In later texts these formulations of passionate same-sex friendship are imbricated with other models of union. For example, some fourteenth-century Sanskrit and Bengali devotional texts tell the story of two co-wives who enter a divinely blessed sexual union that results in one of them becoming pregnant and giving birth to a heroic child. In another vein a nineteenth-century genre of poetry in Urdu depicts clandestine sexual relationships between female relatives and friends as well as private rituals of union between women, which establish them as lovers and even spouses. In these poems and the glossaries attached to them, specific terms are used to refer to a woman's female lover; here, friendship functions simultaneously as a dimension of amorous relations, as a cover for those relations, and as an alliance among groups of women inclined to same-sex relations (Vanita 2005).
In premodern Hindu texts, an explicitly sexual same-sex relationship may sometimes be acknowledged as positive and virtuous, but in Christian texts, same-sex friendships, in real life or in literature, have historically been celebrated only as long as they were not acknowledged as fully sexual. This is because same-sex sexual relations had come to be viewed as sinful, and those engaging in them were often persecuted and sometimes executed. Hence, even when a relationship was sexual, like that of Anne Lister (1791–1840) with Anne Walker, the public celebration of the union could not include an acknowledgment of its sexual component (Bray 2003). When friends are aware of the need to carefully conceal the sexual aspect of their relationship, friendship has at least two dimensions—it is a felt and lived reality for the partners, but it is also a cover or front, intended to play into observers' assumption that friendship is always nonsexual. Possibly as an effect of colonization and the importation into India of a new, Christianity-based homophobia, nationalists and other European-educated Indians begin to scrutinize and denounce same-sex desire, with the result that friendship increasingly began to function as a façade.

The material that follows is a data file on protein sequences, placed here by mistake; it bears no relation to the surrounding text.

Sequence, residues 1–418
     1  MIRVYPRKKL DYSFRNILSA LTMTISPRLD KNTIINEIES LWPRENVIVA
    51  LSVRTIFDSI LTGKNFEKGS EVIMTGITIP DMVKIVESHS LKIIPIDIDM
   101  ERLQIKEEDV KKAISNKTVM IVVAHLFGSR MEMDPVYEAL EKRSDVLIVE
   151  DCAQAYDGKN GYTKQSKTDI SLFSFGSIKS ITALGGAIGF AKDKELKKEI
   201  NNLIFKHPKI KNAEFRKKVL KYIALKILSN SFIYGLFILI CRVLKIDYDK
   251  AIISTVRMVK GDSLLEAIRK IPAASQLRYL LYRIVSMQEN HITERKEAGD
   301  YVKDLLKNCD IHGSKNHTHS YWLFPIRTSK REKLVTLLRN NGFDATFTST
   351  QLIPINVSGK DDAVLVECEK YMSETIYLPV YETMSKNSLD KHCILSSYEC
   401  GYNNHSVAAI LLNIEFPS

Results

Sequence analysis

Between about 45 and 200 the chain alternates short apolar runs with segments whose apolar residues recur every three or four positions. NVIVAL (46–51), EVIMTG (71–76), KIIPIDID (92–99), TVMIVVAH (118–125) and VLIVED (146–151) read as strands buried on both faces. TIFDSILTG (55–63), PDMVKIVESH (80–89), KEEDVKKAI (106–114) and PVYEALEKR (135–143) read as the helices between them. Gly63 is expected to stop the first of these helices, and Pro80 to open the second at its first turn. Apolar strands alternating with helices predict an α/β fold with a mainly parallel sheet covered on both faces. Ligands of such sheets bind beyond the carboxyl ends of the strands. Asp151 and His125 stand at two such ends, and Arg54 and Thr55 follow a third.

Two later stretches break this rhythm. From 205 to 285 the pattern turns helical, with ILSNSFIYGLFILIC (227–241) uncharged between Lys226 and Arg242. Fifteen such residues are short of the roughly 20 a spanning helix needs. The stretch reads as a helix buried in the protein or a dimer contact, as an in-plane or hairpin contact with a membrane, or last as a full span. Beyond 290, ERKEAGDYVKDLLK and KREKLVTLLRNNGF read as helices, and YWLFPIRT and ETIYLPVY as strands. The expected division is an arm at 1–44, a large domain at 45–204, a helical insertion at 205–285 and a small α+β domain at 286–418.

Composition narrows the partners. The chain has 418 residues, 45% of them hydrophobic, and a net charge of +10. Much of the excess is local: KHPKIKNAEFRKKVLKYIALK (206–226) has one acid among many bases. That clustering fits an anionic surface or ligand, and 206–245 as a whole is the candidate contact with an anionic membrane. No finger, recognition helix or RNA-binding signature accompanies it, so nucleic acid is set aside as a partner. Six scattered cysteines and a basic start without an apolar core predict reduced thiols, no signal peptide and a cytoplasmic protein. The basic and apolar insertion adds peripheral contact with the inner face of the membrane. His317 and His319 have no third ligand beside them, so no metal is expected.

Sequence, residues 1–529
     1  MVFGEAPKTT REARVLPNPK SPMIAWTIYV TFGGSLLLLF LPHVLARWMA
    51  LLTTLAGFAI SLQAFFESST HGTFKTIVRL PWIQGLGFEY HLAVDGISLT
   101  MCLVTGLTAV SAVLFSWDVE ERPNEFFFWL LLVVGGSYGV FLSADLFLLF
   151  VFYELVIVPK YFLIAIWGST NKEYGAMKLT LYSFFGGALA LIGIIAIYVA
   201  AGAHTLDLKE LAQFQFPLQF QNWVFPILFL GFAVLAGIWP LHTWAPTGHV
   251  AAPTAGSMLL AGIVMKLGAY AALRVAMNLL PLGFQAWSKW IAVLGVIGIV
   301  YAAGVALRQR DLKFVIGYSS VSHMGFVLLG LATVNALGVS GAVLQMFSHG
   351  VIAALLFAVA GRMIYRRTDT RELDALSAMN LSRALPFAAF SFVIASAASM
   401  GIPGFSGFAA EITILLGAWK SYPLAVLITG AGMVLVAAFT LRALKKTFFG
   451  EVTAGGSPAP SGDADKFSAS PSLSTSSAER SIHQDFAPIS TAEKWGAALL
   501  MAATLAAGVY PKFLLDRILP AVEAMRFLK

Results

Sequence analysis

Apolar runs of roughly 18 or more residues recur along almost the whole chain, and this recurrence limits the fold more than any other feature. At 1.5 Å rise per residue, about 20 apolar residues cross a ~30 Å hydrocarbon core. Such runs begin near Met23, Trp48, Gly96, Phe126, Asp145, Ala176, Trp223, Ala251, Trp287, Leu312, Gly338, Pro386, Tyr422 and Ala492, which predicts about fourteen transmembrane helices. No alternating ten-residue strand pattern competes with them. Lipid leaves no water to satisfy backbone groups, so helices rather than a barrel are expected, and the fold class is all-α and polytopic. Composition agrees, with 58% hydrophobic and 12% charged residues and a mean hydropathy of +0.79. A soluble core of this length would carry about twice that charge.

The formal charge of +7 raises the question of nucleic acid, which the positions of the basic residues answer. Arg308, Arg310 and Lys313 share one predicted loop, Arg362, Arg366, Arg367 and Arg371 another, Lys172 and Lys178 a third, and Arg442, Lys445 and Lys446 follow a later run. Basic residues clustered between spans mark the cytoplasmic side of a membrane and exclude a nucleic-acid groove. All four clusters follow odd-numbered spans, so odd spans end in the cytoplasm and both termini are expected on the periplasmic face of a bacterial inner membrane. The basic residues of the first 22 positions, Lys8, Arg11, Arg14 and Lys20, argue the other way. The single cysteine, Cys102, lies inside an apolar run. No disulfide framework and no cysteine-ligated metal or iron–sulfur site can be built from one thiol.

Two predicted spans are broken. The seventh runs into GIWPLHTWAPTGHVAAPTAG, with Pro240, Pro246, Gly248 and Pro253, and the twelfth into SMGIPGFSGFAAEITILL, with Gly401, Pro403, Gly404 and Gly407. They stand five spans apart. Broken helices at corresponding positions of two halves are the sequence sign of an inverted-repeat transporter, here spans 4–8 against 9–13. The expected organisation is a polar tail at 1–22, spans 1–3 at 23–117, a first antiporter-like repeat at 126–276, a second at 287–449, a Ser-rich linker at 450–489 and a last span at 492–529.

Following the rise of industrialization, urbanization, and individual mobility, the male-female married couple is increasingly expected to fulfill all of each of the individual's needs and desires, and friendship is gradually demoted to a secondary position. At the turn of the twenty-first century, this unit takes primacy over all other relations, familial and friendly. However, through the eighteenth and nineteenth centuries in Europe and North America, same-sex friendship continued to be seen as a crucial component of the good life. Romantic same-sex friendship sometimes functioned as complementary to and sometimes as an alternative to romantic cross-sex love. The tropes, language, and conventions deployed in writing about romantic friendship both influence and are influenced by writing about cross-sex romantic love. Both male and female writers, such as Katherine Philips (1632–1664), Thomas Gray (1716–1771), Lord Byron (1788–1824), Emily Dickinson (1830–1886), Henry David Thoreau (1817–1862), and Alfred Tennyson (1809–1892), wrote passionate poems, including epithalamia and elegies, to and about same-sex friends.
Women writing about women friends also develop particular codes—Paula Bennett has uncovered Emily Dickinson's use of the clitoral imagery of jewels and flowers in her poems to and about women friends. Some writers construct a literary ancestry for themselves by using the trope of friendship to simultaneously reveal and conceal same-sex passion. Thus, Katherine Bradley (1846–1914) and Edith Cooper (1862–1913), lovers and aestheticists, who wrote together under the pen name Michael Field, frequently invoked Sappho, Plato, and Shakespeare (1564–1616) to frame their celebrations of their own loving friendship.
Women activists and educationists through the nineteenth and early twentieth centuries often invested intellectual, emotional, and physical energies in passionate friendships with one another, and drew their primary support from such relationships (Faderman 1999). An underresearched type of friendship is that between homosexually inclined men and women, a relation simultaneously erotic and nonsexual (Castle 1996, Vanita 1996).
By the twentieth century, friendship becomes almost completely subordinated to family; this reversal is clear in the linguistic shift from the eighteenth-century use of the word friends as inclusive of kin to the modern description of friends as like family. With the development of sexual identities such as gay and homosexual, friendship increasingly functions as a way for lovers to pass as or be read as just friends. For instance, Virginia Woolf (1882–1941) and Vita Sackville-West (1892–1962) were long viewed as just friends until the publication of their letters and diaries established that they were lovers as well. Lesbian and gay studies scholars are building awareness of the erotic component of friendship and the friendly component of eroticism and are also exorcising excessive anxiety around same-sex desire. This is helping break down binary constructions of heterosexual and homosexual, so that we may acknowledge the rich, messy complexity of human relationships that often escape categorization.